COLUMBIA, S.C. (AP) — Stanley “Boom” Williams ran for 107 yards on 14 carries as Kentucky held on to beat South Carolina 26-22 on Saturday night.The Wildcats (2-0, 1-0 Southeastern) snapped a 22-game road losing streak despite gaining 92 yards and getting just four first downs in the second half.South Carolina (1-1, 0-1) had a chance to tie on a two-point conversion midway through the fourth quarter, but Pharoh Cooper fumbled on the try and Denzil Ware returned the ball 98 yards to give Kentucky two points and what proved to be the final margin.Cooper had nine catches for 100 yards. Junior quarterback Perry Orth took over for injured starter Connor Mitch. He was 13-of-20 for 179 yards, but threw an interception with 4:32 to go at the Wildcats 26 with the Gamecocks down four.South Carolina coach Steve Spurrier said after the game Mitch suffered a separated shoulder. “That usually takes a year,” he said. It was Kentucky’s first SEC road win in six years.ALL THE COLLEGE FOOTBALL ACTION IN WEEK 2
- Council tweaks anti-corruption rules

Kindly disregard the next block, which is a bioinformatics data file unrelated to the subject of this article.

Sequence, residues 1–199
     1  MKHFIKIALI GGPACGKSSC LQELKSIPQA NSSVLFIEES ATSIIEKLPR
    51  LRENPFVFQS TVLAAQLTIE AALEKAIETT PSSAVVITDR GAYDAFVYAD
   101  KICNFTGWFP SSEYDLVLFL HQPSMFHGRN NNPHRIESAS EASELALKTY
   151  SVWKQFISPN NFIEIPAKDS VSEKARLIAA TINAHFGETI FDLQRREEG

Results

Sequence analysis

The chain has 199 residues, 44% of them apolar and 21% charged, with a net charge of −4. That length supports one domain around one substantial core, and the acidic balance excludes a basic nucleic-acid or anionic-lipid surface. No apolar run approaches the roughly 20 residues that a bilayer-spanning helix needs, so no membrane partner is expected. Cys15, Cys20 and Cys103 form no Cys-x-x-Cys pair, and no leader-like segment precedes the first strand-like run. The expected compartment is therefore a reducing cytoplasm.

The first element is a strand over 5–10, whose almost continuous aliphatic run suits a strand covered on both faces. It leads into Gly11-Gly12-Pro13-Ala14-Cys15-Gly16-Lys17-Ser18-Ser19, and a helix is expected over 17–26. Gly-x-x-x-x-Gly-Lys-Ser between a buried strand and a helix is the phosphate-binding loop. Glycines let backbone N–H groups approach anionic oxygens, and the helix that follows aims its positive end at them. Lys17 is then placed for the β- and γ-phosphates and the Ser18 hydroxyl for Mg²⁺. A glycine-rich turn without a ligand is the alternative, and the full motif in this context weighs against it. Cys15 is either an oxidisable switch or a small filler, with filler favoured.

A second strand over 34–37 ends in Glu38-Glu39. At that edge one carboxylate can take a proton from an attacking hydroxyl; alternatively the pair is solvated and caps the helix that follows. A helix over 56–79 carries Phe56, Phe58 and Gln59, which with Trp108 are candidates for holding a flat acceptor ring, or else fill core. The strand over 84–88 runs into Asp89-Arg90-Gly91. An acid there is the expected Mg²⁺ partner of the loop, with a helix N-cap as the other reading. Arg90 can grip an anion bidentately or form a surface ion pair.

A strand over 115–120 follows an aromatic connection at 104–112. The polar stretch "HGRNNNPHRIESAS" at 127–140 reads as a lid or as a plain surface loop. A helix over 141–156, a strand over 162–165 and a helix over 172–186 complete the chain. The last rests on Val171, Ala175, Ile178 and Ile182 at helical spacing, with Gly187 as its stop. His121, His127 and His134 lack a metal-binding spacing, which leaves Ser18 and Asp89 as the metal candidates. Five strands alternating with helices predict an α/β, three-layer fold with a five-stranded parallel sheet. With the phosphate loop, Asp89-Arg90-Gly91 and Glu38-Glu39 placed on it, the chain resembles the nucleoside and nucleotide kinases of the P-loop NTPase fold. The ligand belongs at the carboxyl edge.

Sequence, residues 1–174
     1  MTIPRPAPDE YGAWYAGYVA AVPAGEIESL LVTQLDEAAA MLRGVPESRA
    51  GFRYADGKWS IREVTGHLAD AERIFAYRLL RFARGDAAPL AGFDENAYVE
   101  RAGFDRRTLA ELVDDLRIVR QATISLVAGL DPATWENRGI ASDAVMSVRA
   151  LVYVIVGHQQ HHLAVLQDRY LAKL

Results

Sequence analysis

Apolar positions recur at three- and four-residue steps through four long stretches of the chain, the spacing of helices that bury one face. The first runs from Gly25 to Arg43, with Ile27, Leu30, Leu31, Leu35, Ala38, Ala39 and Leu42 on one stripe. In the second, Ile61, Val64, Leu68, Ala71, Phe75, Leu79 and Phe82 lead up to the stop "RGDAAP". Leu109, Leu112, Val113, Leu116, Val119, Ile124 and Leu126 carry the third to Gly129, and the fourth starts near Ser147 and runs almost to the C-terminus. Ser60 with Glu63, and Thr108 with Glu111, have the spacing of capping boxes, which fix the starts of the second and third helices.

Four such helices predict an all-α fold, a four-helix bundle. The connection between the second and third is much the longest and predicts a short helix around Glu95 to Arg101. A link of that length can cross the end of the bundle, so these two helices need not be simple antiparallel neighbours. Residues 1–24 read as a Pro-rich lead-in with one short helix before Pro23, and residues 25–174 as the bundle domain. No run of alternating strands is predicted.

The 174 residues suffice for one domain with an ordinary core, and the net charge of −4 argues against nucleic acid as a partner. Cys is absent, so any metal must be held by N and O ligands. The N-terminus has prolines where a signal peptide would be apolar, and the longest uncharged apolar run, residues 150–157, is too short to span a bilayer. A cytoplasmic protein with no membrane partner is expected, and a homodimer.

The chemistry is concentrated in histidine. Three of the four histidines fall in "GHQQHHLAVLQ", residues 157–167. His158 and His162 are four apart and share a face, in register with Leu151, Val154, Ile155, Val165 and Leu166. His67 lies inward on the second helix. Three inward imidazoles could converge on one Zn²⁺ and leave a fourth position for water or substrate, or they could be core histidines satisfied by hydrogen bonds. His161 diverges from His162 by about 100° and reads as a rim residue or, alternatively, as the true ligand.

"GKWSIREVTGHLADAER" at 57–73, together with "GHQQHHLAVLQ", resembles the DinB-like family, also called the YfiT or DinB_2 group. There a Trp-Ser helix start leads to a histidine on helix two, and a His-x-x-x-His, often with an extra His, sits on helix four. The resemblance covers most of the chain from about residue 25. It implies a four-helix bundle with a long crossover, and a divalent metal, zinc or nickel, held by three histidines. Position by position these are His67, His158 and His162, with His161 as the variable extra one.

HomeNewsCity CouncilCouncil tweaks anti-corruption rules May. 16, 2016 at 6:30 amCity CouncilCouncil tweaks anti-corruption rules Matthew Hall5 years agocity attorney marsha moutriecity councilCity Hallcity manager rick colecity of santa monicacouncilmembersjohn huestonLos Angelesmarsha moutrieNewsoaksoaks initiativerick coleSanta Monicasanta monica californiaSanta Monica City Councilsanta monica news Step by step, City Hall is working toward a clearer, stronger, more robust set of anti-corruption laws.Council approved clarifications and guidelines for its rules as their May 10 meeting and previewed some of the more substantial changes that will likely become a ballot initiative this November.The May 10 decision adopted proposals put forward by attorney John C. Hueston in a report he issued in April of this year.Council hired Hueston to prepare a report on two related topics, conduct of city employees during the hiring/firing of Elizabeth Riel and enforcement of the City’s ethics laws known as the Oaks Initiative.Riel was offered a job with the city but had that offer withdrawn after Councilwoman Pam O’Connor complained. The report said O’Connor’s actions could constitute a breach of the City charter but the Council chose not to implement any formal sanctions.Hueston was also asked to review the Oaks rules. Citizens have filed Oaks complaints but the complaints were not acted on due to concerns in the City Attorney’s office over enforcement objectivity and constitutionality.The report concluded the law is enforceable but recommend revisions that would address some of confusion regarding the law’s intent and constitutionality.Last week, Council approved clarifications and guidelines that deal with the law as it was passed including clarifying definitions of public officials, clarifying the method of determining a public benefit, narrowing definitions of campaign advantages and creating a more readable, easily understood document.The proposals were passed without changes, but not without conversation.The new rules apply to whoever has “final authority” over approving a city contract and the council questioned if that would limit Oaks’ scope in a way that excluded employees who might not have final approval but who could have had significant influence over the process.City Manager Rick Cole said contract approvals have significant checks and balances in place that prevent anyone, including him, from making a unilateral decision. He said the expectation should be on the senior staff to ensure the system was clean and that ultimately it made sense to have Oaks apply to elected or appointed officials, the city manager and department heads, but not to the lower level staff.“The spirit of Oaks is what we’re all trying to restore and focus on,” he said. “It’s possible that somewhere buried somewhere in the city’s organization chart, someone might have some influence over the selection of a vendor and Oaks is really designed to make sure that’s transparent and the person can’t march of and take a position with that company as soon as the contract is signed. I think that’s better enforced by the city manager and department heads under the charter than to reach down and figure out who had influence over what contract.”He said alternatives that enforced Oaks further down the staffing ladder would create havoc due to record keeping and subjectivity concerns while also going against the spirit of the rules.Several councilmembers began to ask about provisions of the Oaks rules that appear to bar non-profit directors whose organizations receive city money, such as individuals that sit on the boards of neighborhood councils, from making political donations.City Attorney Marsha Moutrie said one of the criticisms of Oaks when it was first drafted was that the law penalized volunteer efforts but as the law is now incorporated into the City Charter, fixing that problem and others would require a public vote.She said her office has begun thinking about a ballot initiative for the November election that will hopefully address those lingering [email protected] :city attorney marsha moutriecity councilCity Hallcity manager rick colecity of santa monicacouncilmembersjohn huestonLos Angelesmarsha moutrieNewsoaksoaks initiativerick coleSanta Monicasanta monica californiaSanta Monica City Councilsanta monica newsshare on Facebookshare on Twitteradd a commentPCB lawsuit heads to trialBeware the bikes on the sidewalks!You Might Also LikeBriefsNewsInput Invited for Marine Park Improvement ProjectsGuest Author2 days agoBriefsNewsPublic Health Emphasizes the Importance of Vaccinations as Distancing and Masking Guidelines Relax Next WeekGuest Author2 days agoBriefsNews“Righting Our Wrongs” performance on June 11Guest Author2 days agoBriefsNewsSEATTLE Feds plan to curtail West Coast salmon fishing to help orcasGuest Author2 days agoBriefsNewsBeach House Begins Community Re-Opening June 15Guest Author2 days agoColumnsFeaturedNewsOpinionWhat’s the Point?whats the pointGAY PRIDE MONTH IS HERE FOR ALL OF USDavid Pisarra2 days ago